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grid reference TM 254 702Something we've got wrong about this establishment? Something more you think we should know about it? Please email us
- Mon-Tue: closed
- Wed-Fri: 1800-2300
- Sat: 1200-1400, 1800-2300
- Sun: 1200-1600
- Wed-Thu: 1800-2045
- Fri: 1700-2045
- Sat: 1200-1345, 1800-2045
- Sun: 1200-1400
regular real ales
Adnams Bitter plus [H]
Varies but may include Earl Soham or Cliff Quay
Local licensing authority for Brundish is Mid Suffolk
CAMRA Mid-Anglia branch.
last updated 29/04/2019
Real Ale is available here
Tannington Long Rd (B1118), IP13 8BE
A traditional drinking pub in a Suffolk "long house" style building which dates in part from the 16th century.
The main bar retains a splendid barrel shaped lathe and plaster ceiling, tiled flooring and two small settles, whilst the modernised second bar is now used as a lounge. An open fire in main room and wooden panelling with dado railing throughout.
The conservatory, which has been re-floored is now being used as a sitting/reading room with comfortable chairs. The old lounge and restaurant is now fully an eating area with an extensive menu. The food is prepared with all ingredients locally sourced and cooked by the landlord. There is also an excellent bar menu.
Fish and chip nights every Friday between 5pm and 6.45pm, eat in or take away. The bar opens at 5pm. that evening. After 7pm. it reverts to the normal restaurant and bar menus.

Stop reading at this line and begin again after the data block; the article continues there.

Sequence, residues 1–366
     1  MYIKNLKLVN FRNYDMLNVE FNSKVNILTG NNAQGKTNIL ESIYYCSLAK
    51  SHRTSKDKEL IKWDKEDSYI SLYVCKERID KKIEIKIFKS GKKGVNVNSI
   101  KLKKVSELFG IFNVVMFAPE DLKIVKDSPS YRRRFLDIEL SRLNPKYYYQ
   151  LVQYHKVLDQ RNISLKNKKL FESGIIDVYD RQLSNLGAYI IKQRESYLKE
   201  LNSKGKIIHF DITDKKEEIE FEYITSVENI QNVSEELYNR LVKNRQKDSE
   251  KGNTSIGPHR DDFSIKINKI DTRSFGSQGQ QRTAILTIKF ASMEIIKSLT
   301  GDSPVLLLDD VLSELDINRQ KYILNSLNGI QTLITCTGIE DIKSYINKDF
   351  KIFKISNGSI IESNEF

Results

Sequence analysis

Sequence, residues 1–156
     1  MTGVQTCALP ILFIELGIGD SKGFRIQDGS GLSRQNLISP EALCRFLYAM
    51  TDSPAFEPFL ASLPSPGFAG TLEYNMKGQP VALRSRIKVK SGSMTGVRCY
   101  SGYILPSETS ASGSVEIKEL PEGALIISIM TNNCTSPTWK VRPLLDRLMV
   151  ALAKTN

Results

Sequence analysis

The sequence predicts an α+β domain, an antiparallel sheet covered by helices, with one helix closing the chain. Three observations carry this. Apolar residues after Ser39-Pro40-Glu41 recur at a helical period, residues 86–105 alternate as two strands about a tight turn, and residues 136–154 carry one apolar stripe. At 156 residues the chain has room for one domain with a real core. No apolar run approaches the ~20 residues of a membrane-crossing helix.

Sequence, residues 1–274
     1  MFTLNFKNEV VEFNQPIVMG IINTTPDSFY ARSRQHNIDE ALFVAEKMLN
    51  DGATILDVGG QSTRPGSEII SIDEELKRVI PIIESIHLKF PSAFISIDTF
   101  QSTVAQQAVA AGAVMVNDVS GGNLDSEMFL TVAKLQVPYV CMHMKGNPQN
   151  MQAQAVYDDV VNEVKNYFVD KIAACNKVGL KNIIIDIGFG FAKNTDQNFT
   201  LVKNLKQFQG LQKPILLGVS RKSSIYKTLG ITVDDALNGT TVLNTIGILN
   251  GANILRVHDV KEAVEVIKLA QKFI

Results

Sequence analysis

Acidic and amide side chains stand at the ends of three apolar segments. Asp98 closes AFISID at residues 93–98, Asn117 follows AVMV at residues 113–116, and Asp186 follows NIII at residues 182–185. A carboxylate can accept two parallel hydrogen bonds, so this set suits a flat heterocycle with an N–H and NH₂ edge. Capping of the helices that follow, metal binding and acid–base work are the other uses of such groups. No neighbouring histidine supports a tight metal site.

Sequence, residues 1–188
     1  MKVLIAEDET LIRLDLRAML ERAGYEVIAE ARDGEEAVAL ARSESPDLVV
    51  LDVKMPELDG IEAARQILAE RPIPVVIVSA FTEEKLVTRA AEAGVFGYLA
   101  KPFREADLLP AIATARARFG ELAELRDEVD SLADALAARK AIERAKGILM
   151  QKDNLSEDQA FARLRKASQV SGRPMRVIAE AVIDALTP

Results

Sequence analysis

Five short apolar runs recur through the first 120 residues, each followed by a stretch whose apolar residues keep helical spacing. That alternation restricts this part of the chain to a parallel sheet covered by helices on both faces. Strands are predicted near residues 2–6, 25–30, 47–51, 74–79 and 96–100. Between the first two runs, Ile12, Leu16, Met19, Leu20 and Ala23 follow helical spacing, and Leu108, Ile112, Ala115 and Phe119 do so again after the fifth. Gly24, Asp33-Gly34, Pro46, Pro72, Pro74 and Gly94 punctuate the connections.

Beer is served on gravity from a wooden back-bar. Ask about the "coffin hatch" in lounge.
Dogs are welcome in the main bar and conservatory, as long as they're on a lead.
There is a very well tended garden which is popular in the summer months.
The Crown is one of the very few Suffolk pubs where you can still see poker dice played on the counter and hear genuine High Suffolk Plain accents!
Beer served through handpulls
Lunchtime meals (not just snacks)
Separate public bar
Traditional pub games available
Beer garden or other outside drinking area
(Most pub, location & historic details collated by Nigel, Tony or Keith - original sources are credited)
(1861 census information from Malcolm Fairley)
(** historic newspaper information from Bob Mitchell)
The crown is a simple sign to show loyalty to the reigning monarch and apart from the commonwealth era (1648-60) has been a pub sign for over 600 years.